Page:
The mushers and their teams of dogs raced out of Willow in the afternoon, commencing the 10-day trial.
Ray Redington Jr. of Knik led the competitors out of the chute, which included 15 rookies, two mushers from Europe and Scandinavia and a mom from Seattle, in a broad range of experience.
Defending champion John Baker of Kotzebue, who set the Iditarod speed record last year at just under eight days and 19 hours, and his dogs drew plenty of attention from the thousands of people who showed up for Saturday's pre-race "trailgating" festivities in Anchorage, the Anchorage Daily News reported.
"I don't feel any pressure that I need to win," Baker said. "I've trained hard this year, and I want to go out and do the best that the dogs can do."
Among his challengers is Lance Mackey of Fairbanks, who is gunning for a fifth title.
"People think that I'm on a downhill spiral because past champions have done similar things. Had great rides and then fell off the face of the Earth, basically," Mackey said. "I didn't come here to go camping."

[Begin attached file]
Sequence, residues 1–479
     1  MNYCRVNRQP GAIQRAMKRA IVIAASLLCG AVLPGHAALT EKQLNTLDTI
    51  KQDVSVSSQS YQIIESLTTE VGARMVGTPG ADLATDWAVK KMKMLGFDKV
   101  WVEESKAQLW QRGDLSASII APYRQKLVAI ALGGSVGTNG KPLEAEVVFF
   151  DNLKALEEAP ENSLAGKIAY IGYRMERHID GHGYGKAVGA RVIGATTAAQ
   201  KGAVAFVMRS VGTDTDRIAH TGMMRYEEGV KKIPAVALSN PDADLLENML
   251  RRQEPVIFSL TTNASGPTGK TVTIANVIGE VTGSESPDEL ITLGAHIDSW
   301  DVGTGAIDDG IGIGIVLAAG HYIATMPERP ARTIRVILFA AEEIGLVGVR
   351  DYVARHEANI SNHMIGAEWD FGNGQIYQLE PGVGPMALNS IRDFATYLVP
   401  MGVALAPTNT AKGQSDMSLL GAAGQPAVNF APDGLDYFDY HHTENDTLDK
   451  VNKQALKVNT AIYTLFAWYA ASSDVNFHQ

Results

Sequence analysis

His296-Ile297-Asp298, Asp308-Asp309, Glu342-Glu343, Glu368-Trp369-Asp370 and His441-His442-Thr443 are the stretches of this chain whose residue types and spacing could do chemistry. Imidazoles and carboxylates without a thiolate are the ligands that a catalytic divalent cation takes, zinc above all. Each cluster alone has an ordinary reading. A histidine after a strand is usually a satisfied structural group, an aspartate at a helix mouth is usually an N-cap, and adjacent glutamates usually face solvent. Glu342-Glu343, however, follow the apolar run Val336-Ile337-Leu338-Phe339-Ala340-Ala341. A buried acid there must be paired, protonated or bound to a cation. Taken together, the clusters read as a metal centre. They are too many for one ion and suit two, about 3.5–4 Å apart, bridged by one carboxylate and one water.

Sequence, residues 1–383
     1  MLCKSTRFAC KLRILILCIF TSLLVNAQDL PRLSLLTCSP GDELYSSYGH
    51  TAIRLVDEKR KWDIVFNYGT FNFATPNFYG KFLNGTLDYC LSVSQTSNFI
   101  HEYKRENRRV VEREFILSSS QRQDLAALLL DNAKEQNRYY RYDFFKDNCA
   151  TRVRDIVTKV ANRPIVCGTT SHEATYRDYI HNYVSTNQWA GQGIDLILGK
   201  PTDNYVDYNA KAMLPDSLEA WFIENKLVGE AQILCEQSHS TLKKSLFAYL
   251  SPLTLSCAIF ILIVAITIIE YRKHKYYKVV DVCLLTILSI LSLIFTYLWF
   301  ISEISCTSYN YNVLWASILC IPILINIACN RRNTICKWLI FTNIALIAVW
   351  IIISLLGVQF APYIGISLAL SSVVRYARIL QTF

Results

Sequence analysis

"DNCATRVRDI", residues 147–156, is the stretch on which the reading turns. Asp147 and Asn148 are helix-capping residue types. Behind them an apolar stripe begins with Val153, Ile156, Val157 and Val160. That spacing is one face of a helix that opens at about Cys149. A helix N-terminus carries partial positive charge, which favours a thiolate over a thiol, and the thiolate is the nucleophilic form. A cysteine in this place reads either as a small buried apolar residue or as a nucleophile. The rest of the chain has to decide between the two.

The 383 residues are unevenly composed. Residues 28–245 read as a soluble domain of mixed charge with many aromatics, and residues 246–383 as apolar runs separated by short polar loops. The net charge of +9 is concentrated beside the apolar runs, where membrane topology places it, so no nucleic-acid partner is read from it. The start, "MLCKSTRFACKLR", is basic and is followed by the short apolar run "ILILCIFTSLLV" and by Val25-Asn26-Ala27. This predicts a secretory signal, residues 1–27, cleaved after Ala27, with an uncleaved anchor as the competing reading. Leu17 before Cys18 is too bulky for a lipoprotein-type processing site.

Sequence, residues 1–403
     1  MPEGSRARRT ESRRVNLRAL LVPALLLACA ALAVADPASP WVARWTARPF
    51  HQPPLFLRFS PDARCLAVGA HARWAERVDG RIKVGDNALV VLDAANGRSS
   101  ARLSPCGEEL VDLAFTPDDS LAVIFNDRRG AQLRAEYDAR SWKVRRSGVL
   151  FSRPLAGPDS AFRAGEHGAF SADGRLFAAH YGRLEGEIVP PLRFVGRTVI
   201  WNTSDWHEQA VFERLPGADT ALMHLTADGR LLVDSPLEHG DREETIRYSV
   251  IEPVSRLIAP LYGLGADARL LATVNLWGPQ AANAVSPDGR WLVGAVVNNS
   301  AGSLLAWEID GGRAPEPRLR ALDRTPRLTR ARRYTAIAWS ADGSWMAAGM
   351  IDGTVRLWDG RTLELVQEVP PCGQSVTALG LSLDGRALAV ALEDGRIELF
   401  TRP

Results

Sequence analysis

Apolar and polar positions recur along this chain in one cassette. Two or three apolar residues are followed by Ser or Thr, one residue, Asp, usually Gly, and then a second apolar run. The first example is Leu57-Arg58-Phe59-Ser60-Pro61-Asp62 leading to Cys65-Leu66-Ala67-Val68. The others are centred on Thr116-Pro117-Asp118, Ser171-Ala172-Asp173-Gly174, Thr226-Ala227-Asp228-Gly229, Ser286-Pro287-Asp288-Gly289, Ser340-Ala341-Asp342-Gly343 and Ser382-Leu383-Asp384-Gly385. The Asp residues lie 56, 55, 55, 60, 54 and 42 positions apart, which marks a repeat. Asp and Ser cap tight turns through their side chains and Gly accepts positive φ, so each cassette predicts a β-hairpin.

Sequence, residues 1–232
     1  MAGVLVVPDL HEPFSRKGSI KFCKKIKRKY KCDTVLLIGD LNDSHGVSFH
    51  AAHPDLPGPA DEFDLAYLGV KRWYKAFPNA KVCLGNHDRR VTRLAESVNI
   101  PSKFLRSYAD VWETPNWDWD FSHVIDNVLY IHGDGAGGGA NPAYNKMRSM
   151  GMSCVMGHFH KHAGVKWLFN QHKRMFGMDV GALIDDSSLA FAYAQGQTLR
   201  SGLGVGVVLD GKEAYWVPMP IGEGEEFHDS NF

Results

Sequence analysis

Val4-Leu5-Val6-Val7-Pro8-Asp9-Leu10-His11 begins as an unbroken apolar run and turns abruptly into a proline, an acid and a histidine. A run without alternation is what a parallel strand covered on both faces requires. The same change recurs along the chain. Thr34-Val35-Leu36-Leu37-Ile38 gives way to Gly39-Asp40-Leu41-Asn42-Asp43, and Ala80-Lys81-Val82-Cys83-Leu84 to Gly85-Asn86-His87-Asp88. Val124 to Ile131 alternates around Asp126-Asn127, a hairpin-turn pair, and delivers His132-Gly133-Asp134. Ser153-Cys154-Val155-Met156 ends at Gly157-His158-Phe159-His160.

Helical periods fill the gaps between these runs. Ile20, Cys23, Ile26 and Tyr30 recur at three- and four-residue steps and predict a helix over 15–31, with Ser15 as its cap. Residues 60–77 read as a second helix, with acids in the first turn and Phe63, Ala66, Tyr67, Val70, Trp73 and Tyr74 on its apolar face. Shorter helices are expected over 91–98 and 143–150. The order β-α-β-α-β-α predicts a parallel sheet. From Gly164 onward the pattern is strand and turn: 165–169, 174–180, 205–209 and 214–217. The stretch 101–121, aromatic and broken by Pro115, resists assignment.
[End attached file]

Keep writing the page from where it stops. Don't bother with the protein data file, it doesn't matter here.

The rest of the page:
The Iditarod Trail Committee announced unexpectedly Saturday the race route will include the Happy River Steps, a series of switchbacks that have proven hazardous in past years. The committee had said last month the race would follow a winter trail that avoided the Steps while tacking on a little over a mile to the distance between Finger Lake and Rainy Pass.
"While teams were still leaving 4th Avenue today, we heard from our trail-breakers that the winter trail was no longer the better option based upon the amount of snow and wind in that particular section of trail over the last day," Race Director Mark Nordman said in a release.
The Daily News reported Willow alone had 10-12 feet of snow on the ground Sunday, making for more challenging conditions on the trail.